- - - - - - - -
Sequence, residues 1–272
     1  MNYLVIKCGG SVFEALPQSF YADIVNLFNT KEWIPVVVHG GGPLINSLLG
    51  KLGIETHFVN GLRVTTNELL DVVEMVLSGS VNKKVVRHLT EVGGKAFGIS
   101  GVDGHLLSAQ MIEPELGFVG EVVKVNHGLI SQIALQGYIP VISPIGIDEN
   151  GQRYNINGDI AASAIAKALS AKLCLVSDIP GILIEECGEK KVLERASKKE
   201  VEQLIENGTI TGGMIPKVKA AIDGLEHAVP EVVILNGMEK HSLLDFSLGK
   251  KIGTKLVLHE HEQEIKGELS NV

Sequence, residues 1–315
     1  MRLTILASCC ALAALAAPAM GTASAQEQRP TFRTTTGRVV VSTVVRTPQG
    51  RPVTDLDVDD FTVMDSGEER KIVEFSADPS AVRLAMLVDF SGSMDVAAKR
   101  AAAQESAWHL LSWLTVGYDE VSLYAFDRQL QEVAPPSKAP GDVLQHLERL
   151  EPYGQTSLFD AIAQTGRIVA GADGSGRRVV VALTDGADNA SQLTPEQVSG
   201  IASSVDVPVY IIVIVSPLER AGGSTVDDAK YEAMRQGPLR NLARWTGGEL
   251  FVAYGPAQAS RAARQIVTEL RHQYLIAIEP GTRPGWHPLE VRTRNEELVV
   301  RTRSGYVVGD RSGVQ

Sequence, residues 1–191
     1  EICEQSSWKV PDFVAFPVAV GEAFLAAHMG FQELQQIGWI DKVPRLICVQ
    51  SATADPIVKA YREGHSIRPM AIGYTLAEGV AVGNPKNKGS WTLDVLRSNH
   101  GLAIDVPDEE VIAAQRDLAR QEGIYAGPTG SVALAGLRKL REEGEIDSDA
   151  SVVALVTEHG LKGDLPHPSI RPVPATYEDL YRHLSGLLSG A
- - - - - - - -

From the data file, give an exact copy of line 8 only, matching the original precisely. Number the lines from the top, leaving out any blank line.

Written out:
Sequence, residues 1–315